There are thinner gaming laptops out there. There are more powerful gaming laptops out there. But, this updated version of the Alienware 13 has something almost no one else has, at least not yet.
The headline here is an OLED screen, which is the super-bright, super-clear display technology now found in only the highest-end big-screen televisions. Why is that important? As we said in our OLED TV explainer: “OLEDs work by putting electricity through certain materials that glow in specific colors. No other TV technology creates light directly like this…OLED TVs will be thinner, lighter, more efficient, and better-performing than any current television technology. Each pixel can be shut off, for an absolute black (no other tech can do this, save CRT), meaning an actual infinite contrast ratio, not just marketing hype.”
And just like on big OLED TVs, the effect here is pretty stunning, as OLED gives you bright colors and deep, nearly invisible blacks. If I were buying a new TV today, there’s no way I wouldn’t make the extra investment in an OLED model. For a laptop, even a gaming one, the benefit is not as clear-cut, but it’s still a great extra feature to have.
While it would be great to have an OLED display as at least an option in a totally top-of-the-line gaming PC, it’s currently only available in a single version of the 13-inch Alienware 13 (with a handful of configuration options) the company labels a “limited edition.” The components inside, including a U-series low-voltage Intel Core i7 CPU and Nvidia’s GeForce 965M GPU, make this a mainstream gaming machine, so you’ll be playing newer games on medium, rather than ultra, settings on the 2,560×1,440 screen.
Fortunately, even though an OLED television will set you back anywhere from $2,500 to $6,000, the OLED version of the Alienware 13 is reasonably priced, even with its high-end screen. Starting at $1,299 in the US, it’s a bit of a premium over other laptops with Intel GeForce 960-series GPUs (the 965M is a newer variant, and this is the first time we’re testing it), but it costs less than I initially expected.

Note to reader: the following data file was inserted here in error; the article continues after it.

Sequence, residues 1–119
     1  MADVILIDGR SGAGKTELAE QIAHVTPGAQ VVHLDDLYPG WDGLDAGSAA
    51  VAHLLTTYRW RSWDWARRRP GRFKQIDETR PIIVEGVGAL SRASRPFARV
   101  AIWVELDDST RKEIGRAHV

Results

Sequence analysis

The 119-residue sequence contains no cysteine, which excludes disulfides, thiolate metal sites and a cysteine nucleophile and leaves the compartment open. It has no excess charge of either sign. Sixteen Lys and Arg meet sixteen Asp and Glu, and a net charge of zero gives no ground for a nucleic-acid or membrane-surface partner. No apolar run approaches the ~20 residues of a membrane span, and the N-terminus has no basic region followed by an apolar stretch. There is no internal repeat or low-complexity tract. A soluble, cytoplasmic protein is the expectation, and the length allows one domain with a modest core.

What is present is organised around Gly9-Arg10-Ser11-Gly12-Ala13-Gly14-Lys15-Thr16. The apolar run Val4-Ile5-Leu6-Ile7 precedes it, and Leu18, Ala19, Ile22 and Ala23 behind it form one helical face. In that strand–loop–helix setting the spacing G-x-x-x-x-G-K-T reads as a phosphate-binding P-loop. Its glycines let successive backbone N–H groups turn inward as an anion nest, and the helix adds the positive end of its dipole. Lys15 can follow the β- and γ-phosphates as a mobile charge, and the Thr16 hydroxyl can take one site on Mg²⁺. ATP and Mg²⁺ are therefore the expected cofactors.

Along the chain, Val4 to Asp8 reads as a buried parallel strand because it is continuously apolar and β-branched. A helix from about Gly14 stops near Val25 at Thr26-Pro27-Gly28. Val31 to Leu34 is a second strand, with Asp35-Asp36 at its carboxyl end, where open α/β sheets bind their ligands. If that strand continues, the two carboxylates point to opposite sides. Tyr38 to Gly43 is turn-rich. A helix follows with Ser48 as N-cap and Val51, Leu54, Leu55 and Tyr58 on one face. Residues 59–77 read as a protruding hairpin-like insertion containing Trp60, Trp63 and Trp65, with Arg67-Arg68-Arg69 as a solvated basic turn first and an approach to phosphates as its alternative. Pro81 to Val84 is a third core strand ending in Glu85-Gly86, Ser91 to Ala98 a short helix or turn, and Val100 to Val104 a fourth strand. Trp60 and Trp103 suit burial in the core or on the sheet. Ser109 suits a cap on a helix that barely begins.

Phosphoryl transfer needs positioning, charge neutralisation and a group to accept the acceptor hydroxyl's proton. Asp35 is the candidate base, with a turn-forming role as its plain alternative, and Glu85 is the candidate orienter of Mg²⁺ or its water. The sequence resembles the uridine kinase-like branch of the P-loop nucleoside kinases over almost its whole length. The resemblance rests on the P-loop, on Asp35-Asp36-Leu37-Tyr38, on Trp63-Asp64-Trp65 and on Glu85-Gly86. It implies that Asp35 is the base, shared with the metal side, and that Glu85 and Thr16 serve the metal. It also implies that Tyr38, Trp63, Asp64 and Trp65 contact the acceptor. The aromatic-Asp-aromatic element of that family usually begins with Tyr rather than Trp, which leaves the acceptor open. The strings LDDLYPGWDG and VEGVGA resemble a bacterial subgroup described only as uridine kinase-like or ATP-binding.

The configuration we tested, with an Intel core i7-6500U processor, 256GB SSD, the OLED display and the Nvidia GeForce 965M, works out to $1,799. The OLED display version of the Alienware 13 isn’t currently available in the UK or Australia, but similar non-OLED configurations run £1,498 or AU$2,816.
Alienware 13 (OLED)
|Price as reviewed||$1,799|
|Display size/resolution||13-inch, 2560 x 1440 OLED touchscreen|
|PC CPU||2.5GHz Intel Core i7-6500U|
|PC Memory||12GB DDR3 SDRAM 1600MHz|
|Graphics||Nvidia GeForce GTX 965M|
|Networking||802.11ac wireless, Bluetooth 4.1|
|Operating system||Microsoft Windows 10 Home (64-bit)|
OLED display aside, this looks and feels like the same Alienware 13 that’s been around for past couple of years. It’s thinner and lighter than gaming laptops of years past, but it’s also not on the bleeding edge of gaming laptop design. Razer, MSI and others do slimmer, more modern-looking gaming laptops.
Like every other Alienware laptop in recent memory, a programmable backlit keyboard offers plenty of color customization and the closely spaced, tapered keys feel more like a traditional gaming desktop keyboard than the standard island-style keys found on most other laptops, gaming or otherwise.
Eyes on with OLED
The big deal here is that 2,560×1,440 OLED display. I took the system to our in-house television testing lab, manned by TV testing expert David Katzmaier, and we viewed a variety of video and game content on the screen. What we saw was performance that’s very visually appealing, but not as dead-on as a great OLED television.